“So what would Brexit do for Clacton? It would make us proud of who we are again and you can’t put a price on that,” he said.

Back in 2014, Farage had tucked into a McDonald’s McFlurry as he and a beaming Douglas Carswell strolled through the streets of the town after the latter had become the first Tory MP to defect to Ukip, then a rising force in British politics.

It was a relationship that was to sour, however, as splits within the party came bubbling to the surface even before the men joined different leave campaigns during the Brexit referendum.

Sturgeon outlines new Scottish independence referendum plans

Nicola Sturgeon speaks in the Scottish parliament

Nicola Sturgeon is to introduce new legislation to stage a second Scottish independence referendum, claiming that one must be held by May 2021.

The first minister said Brexit would have such a catastrophic impact on Scotland’s economy and Westminster’s approach to it had been so chaotic that Scottish voters must have the option to choose independence.

In a long-awaited statement to the Scottish parliament on her plans, Sturgeon said the proposed legislation would set out how a new referendum would be held if Holyrood was granted the powers to stage one.

On Tuesday, No 10 made clear that Theresa May would never authorise such a vote as prime minister. May said “now is not the time” when Sturgeon first called for such powers in March 2017.

Sturgeon first announced she wanted new legislation for a second referendum in June 2016, immediately after the UK voted to leave the EU.

She said Westminster’s decision to press on with Brexit, despite an overwhelming remain vote in Scotland, was proof the current system of devolution was broken.

Sturgeon stopped short of declaring a referendum would definitely be held, naming a date for one or repeating her call for the powers to hold one – evasions which will infuriate hardline independence campaigners.

“Brexit has exposed a deep democratic deficit at the heart of how Scotland is governed. And, whatever our different views on independence, it should persuade all of us that we need a more solid foundation on which to build our future as a country,” she told MSPs.

“With all of our assets and talents, Scotland should be a thriving and driving force…

Labour says Theresa May unwilling to offer key Brexit concessions

Labour shadow cabinet members leave the Cabinet Office after meeting with government officials over Brexit.

Labour has accused Theresa May of failing to offer any substantive changes to her Brexit deal in cross-party talks, as Downing Street’s hopes of a breakthrough in time to avoid taking part in European parliamentary elections waned.

Brexit talks resumed on Tuesday between a team of ministers and shadow ministers. But Labour sources said the government team again appeared unwilling to countenance changes to the political declaration, which sets out the UK’s future relationship with the EU.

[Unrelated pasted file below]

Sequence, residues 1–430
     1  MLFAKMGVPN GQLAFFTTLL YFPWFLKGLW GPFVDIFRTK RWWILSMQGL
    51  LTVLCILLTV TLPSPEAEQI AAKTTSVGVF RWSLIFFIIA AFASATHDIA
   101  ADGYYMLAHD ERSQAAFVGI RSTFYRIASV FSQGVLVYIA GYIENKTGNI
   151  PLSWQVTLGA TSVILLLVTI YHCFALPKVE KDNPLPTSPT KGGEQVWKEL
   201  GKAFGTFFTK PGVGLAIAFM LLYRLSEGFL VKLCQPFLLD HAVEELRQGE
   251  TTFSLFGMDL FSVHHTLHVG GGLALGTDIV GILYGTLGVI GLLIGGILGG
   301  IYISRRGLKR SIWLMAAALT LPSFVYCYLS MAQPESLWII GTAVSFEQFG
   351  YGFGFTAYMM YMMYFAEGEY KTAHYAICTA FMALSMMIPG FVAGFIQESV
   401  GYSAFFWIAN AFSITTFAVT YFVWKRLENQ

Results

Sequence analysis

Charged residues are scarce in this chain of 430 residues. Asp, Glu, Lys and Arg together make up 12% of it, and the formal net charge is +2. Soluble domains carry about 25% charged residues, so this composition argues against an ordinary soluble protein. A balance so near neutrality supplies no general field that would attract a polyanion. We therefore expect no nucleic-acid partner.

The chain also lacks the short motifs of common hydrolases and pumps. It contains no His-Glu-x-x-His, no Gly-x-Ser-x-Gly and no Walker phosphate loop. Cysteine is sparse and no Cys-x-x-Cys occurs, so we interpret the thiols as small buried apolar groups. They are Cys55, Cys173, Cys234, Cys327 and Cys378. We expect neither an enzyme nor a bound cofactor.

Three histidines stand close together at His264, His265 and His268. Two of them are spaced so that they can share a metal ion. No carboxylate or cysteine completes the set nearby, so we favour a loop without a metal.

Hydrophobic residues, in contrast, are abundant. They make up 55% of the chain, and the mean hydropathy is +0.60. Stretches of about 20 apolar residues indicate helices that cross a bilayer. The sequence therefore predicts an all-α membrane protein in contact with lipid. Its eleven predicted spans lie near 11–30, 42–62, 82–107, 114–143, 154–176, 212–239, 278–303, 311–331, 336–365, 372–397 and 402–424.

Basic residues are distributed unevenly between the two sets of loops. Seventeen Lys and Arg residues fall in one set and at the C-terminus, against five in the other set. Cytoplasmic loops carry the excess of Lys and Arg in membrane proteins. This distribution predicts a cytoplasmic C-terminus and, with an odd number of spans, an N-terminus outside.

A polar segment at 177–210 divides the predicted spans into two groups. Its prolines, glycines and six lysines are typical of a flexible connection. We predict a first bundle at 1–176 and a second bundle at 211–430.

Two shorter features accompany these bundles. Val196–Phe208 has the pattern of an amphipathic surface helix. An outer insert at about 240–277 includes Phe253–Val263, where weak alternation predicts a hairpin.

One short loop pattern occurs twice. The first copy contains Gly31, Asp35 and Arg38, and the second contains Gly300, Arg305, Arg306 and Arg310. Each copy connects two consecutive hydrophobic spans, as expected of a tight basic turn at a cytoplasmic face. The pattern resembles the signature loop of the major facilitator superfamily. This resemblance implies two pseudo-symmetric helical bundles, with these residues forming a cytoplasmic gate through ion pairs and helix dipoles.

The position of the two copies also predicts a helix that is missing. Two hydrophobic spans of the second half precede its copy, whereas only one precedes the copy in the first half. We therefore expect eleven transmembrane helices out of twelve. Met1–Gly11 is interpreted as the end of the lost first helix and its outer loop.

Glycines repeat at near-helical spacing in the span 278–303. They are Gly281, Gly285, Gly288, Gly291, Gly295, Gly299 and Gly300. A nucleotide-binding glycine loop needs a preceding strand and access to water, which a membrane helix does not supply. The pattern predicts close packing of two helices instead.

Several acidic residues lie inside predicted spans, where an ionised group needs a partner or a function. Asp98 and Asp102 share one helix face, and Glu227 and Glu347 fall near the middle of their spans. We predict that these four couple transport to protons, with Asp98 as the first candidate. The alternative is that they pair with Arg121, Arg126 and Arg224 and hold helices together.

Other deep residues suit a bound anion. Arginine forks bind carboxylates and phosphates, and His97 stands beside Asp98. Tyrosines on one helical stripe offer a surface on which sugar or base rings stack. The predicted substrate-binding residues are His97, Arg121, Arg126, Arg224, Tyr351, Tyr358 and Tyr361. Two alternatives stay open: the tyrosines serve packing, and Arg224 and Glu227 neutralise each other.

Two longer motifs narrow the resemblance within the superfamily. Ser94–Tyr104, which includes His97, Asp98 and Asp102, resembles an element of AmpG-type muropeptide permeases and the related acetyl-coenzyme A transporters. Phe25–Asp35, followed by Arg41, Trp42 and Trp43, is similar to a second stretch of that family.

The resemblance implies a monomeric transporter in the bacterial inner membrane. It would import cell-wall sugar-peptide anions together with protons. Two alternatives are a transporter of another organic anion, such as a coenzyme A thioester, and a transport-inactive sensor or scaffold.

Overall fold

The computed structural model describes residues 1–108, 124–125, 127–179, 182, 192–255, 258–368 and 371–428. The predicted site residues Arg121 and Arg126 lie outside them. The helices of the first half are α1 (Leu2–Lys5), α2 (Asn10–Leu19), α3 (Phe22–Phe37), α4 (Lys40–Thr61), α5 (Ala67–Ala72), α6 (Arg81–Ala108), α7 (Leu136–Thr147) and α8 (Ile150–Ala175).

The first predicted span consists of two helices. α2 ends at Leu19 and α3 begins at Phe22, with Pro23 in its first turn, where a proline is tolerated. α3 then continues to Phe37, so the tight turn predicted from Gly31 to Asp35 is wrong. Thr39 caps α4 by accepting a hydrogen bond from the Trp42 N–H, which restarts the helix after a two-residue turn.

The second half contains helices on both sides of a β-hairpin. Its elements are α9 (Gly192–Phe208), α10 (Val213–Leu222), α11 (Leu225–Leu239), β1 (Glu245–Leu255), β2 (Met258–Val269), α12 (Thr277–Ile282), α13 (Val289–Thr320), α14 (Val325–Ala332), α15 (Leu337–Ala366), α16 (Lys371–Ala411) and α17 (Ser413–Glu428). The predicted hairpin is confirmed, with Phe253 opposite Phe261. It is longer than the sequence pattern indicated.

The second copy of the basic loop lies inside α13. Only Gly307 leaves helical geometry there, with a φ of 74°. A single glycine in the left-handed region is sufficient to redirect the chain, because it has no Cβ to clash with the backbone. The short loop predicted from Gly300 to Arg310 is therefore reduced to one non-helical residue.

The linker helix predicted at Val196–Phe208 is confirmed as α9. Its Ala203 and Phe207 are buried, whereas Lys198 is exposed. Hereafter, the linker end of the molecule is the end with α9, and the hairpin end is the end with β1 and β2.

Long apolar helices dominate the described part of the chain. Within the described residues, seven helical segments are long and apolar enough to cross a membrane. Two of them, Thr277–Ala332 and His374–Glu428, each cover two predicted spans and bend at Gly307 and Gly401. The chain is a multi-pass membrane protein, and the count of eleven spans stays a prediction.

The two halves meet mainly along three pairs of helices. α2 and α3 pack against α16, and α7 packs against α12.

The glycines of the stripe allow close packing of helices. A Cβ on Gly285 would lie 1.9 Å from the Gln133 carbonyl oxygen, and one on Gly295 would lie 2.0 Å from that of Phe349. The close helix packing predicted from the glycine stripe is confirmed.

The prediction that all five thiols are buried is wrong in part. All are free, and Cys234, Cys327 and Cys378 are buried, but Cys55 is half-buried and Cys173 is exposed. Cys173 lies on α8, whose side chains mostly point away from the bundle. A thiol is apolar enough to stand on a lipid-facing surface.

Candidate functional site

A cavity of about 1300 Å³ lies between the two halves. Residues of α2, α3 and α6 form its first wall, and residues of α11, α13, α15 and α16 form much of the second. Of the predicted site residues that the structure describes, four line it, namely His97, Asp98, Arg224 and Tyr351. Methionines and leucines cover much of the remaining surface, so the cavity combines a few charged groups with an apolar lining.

Instead, ministers offered alternative ways of giving reassurance about the issues Labour has raised, such as on environmental standards and workers’ rights, including through redrafting the withdrawal act implementation bill (WAB) and tweaking separate planned government bills.

Downing Street continues to insist that it hopes to secure parliamentary ratification of a Brexit deal in time to avoid the UK having to participate in next month’s European parliament elections.

The government has been considering tabling the WAB as a way of breaking the Brexit deadlock, but Labour has rejected the idea. “There’s a sequence; you have got to start with a different deal,” said a source.

After the talks, which involved the cabinet ministers David Lidington and Steve Barclay and their Labour shadows, Jeremy Corbyn blamed the government’s refusal to compromise on central issues such as membership of a customs union for the failure to make significant progress.

“We’ll continue putting our case but quite honestly there’s got to be change in the government’s approach. They cannot keep on just regurgitating what has already been emphatically rejected three times by parliament, there’s got to be a change,” Corbyn said. “We have a window of opportunity to bring about that change so I hope the government recognises that.”

However, Downing Street sought to blame a lack of urgency on Labour’s side for the impasse. May’s spokesman said she had told her cabinet on Tuesday morning that talks with Labour had been “serious but had also been difficult in some areas such as in relation to the timetable of the negotiations”.

A No 10 source said the root of the tension was a feeling that Labour was prepared to drag…

Brexit adds to Northern Ireland’s broken politics

Floral tributes for journalist Lyra McKee, whose death the New IRA claimed responsibility for. | Paul Faith/AFP via Getty Images

The main achievement of the Good Friday Agreement — the creation of power-sharing institutions — is not just unwell, but perhaps terminally ill.

Like few places on earth, Northern Ireland lives its history.

It is everywhere — on street signs, radio phone-ins, murals and marches. Like poisonous gas, it is inescapable: directing daily life. It determines whom you vote for, what sport you play, which part of the city you live in.

Stay at the multimillion pound Radisson Blu hotel in downtown Belfast and an Irish tricolor can be seen, stuck in a window of a flat in the “Markets” area — an Irish Catholic ghetto surrounded by Britishness and a derelict patch of grass. On the other side of the hotel, five minutes from the Markets, a giant Union flag mural welcomes (warns) visitors that they are entering the loyalist Donegall Pass area of town.